as you may remember from high school mathematics, when you square a fraction you get a smaller result.

and so it goes that for a given number of people the chances of them concurrently occupying all cubicles goes down exponentially with each additional cubicle.

 

oh, plus the reality that men add proportionately less to demand because they have larger bladders and hence pee less often, wear less restrictive clothes and can clean up faster, and typically dont need to change tampons etc.

 

 

Edited by @~thehung
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28 minutes ago, Nich... said:

Only 52 now?
You're the only person I know who actually believes that, in a very Boltian twist.

 

I apologise. It’s 58 as at 2014:

https://abcnews.go.com/blogs/headlines/2014/02/heres-a-list-of-58-gender-options-for-facebook-users

 

30 minutes ago, Nich... said:

So much for 'we must keep toilets segregated because it's not fair to make target audiences wait'

 

Add the number of disabled people who need the disabled toilet, the number of trans as a percentage of the population.

You’ll find that 1 disabled cubicle to 20 cubicles combined in men’s and women’s toilets - is more than representative.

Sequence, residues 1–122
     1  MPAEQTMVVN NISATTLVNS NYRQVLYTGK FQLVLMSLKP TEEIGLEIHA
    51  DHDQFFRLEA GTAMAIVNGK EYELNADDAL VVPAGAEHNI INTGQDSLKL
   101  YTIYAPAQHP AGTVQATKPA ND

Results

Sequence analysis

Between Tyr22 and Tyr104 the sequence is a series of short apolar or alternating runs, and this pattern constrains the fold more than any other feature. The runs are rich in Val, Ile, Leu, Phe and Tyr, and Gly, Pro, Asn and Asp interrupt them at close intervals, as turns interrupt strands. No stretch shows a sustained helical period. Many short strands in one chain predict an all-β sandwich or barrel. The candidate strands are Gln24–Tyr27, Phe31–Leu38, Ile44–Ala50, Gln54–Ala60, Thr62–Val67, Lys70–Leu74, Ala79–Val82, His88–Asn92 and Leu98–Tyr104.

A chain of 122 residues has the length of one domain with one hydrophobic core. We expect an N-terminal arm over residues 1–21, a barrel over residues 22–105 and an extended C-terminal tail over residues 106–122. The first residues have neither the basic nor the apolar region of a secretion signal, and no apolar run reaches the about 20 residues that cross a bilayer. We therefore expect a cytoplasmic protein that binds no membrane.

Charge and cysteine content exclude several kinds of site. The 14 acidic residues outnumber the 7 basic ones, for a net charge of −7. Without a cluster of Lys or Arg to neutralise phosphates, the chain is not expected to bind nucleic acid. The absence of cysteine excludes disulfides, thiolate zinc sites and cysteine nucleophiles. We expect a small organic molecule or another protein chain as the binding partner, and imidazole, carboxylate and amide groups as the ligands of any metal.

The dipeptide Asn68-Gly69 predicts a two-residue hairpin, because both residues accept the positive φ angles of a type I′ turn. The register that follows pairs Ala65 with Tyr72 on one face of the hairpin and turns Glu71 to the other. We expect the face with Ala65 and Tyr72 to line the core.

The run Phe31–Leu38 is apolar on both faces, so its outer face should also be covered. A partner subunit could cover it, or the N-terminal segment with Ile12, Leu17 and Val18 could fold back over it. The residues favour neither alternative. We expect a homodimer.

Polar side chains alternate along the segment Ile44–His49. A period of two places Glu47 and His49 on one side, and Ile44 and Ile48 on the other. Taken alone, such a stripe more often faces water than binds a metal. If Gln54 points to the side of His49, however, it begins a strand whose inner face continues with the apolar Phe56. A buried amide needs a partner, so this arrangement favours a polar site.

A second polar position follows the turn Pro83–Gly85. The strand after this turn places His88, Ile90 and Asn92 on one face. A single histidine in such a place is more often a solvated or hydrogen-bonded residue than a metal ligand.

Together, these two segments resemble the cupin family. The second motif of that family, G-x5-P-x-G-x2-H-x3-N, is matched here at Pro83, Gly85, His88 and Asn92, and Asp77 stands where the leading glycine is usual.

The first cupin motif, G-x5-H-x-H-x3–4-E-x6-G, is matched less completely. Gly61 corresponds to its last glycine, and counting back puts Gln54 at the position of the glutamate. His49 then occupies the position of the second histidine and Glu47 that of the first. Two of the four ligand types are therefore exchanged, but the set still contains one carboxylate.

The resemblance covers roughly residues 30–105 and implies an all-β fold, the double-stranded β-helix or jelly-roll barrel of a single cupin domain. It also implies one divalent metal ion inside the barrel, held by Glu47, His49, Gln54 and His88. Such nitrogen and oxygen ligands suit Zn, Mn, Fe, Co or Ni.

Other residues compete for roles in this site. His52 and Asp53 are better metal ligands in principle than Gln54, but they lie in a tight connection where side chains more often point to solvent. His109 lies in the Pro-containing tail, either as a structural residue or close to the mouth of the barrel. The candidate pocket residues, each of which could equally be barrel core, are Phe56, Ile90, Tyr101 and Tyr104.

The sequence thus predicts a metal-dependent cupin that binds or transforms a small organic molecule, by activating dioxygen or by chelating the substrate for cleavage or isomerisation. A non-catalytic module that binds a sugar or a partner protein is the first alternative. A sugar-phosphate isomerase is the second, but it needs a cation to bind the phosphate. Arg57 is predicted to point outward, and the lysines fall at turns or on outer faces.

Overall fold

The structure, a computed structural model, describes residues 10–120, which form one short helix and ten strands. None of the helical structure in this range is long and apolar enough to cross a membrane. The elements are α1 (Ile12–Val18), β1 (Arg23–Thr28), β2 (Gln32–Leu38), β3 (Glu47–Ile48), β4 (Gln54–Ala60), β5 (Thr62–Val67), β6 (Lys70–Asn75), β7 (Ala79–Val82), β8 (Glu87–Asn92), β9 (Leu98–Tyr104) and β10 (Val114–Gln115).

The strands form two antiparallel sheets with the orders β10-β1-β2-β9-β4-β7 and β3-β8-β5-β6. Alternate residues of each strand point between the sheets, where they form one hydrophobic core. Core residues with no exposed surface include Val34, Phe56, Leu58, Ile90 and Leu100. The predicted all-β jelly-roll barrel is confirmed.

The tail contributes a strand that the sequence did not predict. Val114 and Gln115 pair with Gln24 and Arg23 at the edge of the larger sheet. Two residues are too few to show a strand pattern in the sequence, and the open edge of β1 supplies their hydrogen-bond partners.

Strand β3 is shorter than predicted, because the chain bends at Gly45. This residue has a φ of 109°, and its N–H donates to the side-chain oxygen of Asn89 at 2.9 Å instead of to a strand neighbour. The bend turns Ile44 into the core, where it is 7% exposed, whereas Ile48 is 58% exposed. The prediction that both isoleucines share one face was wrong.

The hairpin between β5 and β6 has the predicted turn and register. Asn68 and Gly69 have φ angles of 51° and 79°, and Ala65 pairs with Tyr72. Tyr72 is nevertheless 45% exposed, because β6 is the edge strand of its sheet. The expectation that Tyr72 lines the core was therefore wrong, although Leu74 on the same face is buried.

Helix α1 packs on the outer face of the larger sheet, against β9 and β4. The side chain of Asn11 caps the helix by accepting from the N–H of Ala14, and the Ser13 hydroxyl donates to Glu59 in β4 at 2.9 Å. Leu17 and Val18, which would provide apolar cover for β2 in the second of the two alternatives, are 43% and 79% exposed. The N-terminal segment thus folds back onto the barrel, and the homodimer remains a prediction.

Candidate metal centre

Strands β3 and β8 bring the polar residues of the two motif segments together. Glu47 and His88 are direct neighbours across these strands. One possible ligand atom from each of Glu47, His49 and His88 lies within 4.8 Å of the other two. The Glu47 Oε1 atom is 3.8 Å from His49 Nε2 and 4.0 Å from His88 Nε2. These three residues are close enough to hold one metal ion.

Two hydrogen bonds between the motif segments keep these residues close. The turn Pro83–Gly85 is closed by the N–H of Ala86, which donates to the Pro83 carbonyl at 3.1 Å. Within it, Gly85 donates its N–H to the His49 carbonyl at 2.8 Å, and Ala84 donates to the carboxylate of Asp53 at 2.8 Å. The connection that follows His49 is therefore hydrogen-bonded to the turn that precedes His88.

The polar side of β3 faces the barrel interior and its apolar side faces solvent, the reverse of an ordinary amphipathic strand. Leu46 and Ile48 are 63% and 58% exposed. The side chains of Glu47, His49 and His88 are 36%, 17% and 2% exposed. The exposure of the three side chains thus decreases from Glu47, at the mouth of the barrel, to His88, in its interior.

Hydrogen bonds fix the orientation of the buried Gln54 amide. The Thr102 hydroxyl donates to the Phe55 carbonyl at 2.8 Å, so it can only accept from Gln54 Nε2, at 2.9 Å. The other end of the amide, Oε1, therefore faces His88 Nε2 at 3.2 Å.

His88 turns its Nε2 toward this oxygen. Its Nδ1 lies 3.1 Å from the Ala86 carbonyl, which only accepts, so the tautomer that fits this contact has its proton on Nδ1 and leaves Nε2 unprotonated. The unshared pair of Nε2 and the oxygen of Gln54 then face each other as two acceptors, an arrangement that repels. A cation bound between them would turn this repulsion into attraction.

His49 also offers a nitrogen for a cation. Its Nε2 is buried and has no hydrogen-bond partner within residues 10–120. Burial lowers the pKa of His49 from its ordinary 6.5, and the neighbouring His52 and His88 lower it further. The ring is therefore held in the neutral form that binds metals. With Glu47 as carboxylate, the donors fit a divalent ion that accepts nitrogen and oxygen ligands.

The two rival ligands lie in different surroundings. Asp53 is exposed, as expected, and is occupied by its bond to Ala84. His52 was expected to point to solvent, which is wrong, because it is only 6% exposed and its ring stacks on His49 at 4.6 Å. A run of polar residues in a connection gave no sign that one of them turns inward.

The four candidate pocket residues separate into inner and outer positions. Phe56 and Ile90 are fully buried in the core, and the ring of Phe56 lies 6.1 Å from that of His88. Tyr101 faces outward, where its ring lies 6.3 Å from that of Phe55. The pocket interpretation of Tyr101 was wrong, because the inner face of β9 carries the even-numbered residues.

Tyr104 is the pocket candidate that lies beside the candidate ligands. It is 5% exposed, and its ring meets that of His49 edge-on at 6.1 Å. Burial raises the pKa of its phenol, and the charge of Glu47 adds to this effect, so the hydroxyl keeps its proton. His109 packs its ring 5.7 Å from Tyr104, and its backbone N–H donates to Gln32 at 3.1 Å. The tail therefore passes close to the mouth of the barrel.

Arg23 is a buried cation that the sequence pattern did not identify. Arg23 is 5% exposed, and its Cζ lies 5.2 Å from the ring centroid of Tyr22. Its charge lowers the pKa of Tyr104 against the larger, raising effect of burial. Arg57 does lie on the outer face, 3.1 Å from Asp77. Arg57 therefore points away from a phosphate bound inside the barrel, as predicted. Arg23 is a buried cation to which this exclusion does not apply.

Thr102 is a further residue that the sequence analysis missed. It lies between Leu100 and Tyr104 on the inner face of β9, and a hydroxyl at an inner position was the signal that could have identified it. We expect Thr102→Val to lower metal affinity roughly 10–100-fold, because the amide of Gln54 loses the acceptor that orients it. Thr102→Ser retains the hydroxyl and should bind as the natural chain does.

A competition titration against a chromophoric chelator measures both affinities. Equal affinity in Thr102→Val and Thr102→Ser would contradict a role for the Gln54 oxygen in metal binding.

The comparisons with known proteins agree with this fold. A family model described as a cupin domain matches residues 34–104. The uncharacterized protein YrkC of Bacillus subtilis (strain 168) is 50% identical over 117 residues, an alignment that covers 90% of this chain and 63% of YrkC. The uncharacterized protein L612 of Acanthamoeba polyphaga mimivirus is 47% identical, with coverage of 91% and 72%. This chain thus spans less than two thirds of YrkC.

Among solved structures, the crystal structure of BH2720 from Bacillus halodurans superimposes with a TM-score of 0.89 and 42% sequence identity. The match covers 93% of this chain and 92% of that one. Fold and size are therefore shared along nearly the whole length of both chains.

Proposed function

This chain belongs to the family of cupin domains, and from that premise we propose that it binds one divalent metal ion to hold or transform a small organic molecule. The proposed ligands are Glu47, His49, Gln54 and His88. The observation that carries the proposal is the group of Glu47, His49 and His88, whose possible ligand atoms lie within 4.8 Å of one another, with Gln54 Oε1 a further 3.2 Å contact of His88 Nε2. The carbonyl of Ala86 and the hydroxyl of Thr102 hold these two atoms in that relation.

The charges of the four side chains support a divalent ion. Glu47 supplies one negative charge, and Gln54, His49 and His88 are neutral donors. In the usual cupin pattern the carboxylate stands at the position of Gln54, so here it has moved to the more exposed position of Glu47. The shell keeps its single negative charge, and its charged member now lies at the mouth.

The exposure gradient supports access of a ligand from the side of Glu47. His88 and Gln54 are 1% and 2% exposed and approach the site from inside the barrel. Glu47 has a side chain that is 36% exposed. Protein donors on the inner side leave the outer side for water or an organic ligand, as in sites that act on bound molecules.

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1 hour ago, @~thehung said:

 

haha youre like a bigoted angry little baby.  Ben Shapiro without the kippah lol

 

No need to cry @@~thehung. You missed a tiny little bit in your analysis.

 

That tiny little bit is "the point".

 

Those building codes refer to three types of toilet:

- traditional separate blocks of male and female toilets

- male/female designated cubicle style toilets with their own wash hand basins

- un-designated (unisex) toilets with their own wash hand basins

 

In other words, you're just building a bunch of disabled toilets - which are by definition unisex because they're their own self-contained room. It's like your home toilet.

The regulations you linked do not refer to a shared-space unisex toilet where there are unisex cubicles/toilets with shared basins - a la what you have at the Argyle in Sydney.

 

That does not scale AT ALL in a shopping centre situation or anywhere where you have permanent foot traffic.

 

 

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1 hour ago, Leonid said:

 

No need to cry @@~thehung. You missed a tiny little bit in your analysis.

 

That tiny little bit is "the point".

 

i think you'll find "the point" is demand for toilets. try to keep up.

 

it means that demand doesnt scale how you think it does.

 

a building is being designed to house a company with 20 men and 10 women employees.

 

they could opt for two smallish separate rooms with two sets of utilities servicing 2 toilets in each, plus a urinal in one.

 

or, they could opt for a significantly larger single room with a total area possibly even less than the two separate rooms combined (less space lost to outer walls and utilities) containing just 3 toilets, in more luxurious cubicles.

 

the unisex bathroom option is cheaper, can be placed with equal convenience to both genders, and can cope with another 10-15 employees comfortably.